Labour is proposing a new top tax rate of 39 percent on income above $180,000 and the political party is stressing there's no change for the vast majority of Kiwis.
The party's eagerly awaited tax policy was revealed on Wednesday, proposing the 2 percent of Kiwis earning more than $180,000 would see their tax rate increased. Currently, income over $70,000 is subject to a 33 percent tax rate.
Due to New Zealand's progressive income tax system, only income above the $180,000 threshold would be subject to the 39 percent tax rate.
The statement announcing the policy repeatedly emphasises that most Kiwis won't see an income tax change as the other thresholds will remain the same.
"We know New Zealanders want certainty and stability at the moment," finance spokesperson Grant Robertson said on Tuesday.
"This policy is about maintaining investment in important services that are so crucial for New Zealanders like health and education, while keeping tax rates exactly the same as they are now for 98 percent of people."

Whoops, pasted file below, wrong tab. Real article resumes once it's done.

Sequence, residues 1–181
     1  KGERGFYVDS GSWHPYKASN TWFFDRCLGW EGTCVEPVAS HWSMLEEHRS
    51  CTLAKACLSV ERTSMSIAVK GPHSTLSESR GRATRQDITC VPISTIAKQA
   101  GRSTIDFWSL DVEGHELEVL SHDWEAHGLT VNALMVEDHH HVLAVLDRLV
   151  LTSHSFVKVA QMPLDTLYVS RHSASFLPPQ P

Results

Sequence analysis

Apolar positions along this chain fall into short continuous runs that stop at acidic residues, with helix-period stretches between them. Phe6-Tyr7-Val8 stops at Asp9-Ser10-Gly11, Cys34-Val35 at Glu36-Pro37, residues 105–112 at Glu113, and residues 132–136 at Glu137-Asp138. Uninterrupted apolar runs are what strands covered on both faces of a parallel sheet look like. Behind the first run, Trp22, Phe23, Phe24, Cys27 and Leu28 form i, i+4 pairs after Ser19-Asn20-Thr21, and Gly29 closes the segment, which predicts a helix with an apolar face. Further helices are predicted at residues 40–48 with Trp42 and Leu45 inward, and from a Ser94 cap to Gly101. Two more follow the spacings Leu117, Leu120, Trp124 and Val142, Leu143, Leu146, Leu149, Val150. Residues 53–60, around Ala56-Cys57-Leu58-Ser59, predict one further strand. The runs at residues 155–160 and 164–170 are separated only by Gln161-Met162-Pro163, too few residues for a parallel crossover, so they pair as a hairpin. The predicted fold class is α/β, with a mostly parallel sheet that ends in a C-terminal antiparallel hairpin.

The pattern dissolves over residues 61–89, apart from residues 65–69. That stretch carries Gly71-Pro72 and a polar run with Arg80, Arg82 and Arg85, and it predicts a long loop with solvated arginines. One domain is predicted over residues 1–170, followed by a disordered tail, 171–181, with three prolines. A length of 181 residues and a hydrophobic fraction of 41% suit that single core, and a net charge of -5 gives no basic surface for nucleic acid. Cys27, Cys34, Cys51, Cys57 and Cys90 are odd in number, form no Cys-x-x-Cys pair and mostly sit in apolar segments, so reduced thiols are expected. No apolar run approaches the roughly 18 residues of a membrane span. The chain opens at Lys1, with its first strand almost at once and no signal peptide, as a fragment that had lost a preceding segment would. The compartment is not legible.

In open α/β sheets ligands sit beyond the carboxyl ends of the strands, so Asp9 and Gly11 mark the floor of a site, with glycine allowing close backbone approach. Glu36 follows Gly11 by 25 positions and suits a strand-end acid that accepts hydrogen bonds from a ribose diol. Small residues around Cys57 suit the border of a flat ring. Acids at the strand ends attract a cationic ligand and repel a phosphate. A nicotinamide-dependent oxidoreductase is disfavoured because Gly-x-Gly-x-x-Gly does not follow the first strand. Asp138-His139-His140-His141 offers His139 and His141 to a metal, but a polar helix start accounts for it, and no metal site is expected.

If Labour is in Government after October 17 and implements the change, the progressive income tax thresholds would look like this:
- Any income up to $14,000 - 10.5 percent
- Extra income over $14,000 and up to $48,000 - 17.5 percent
- Extra income over $48,000 and up to $70,000 - 30 percent
- Extra income over $70,000 and up to $180,000 - 33 percent
- Extra income over $180,000 - 39 percent.
Only those making more than $180,000 move to a new bracket.
Labour also breaks down how much extra Kiwis making more than $180,000 will be paying per week and year.
- A Kiwi earning $200,000: an extra $23 a week or $1200 a year
- A Kiwi earning $220,000: an extra $46 a week or $2400 a year
- A Kiwi earning $240,000: an extra $69 a week or $3600 a year
- A Kiwi earning $260,000: an extra $92 a week or $4800 a year.
If a household's income is, for example, $240,000 with two people earning $120,000 each, they won't be subject to the new tax rate as both individuals earn less than $180,000.
The new bracket is forecast to generate about $550 million of revenue each year.
"The new rate will cost $23 a week for an individual earning $200,000, but it will make a big difference to the country’s ability to maintain the investments needed for the economy to bounce back," Robertson said.
"Labour will not implement any new taxes or make any further increases to income tax next term. We have already committed to not raising fuel taxes in the Government transport plan that covers the next term."
The party says the top tax rate would still remain in the bottom third of the 36 OECD countries, lower than Australia's 47 percent - including 2 percent Medicare levy - for income over $180,000.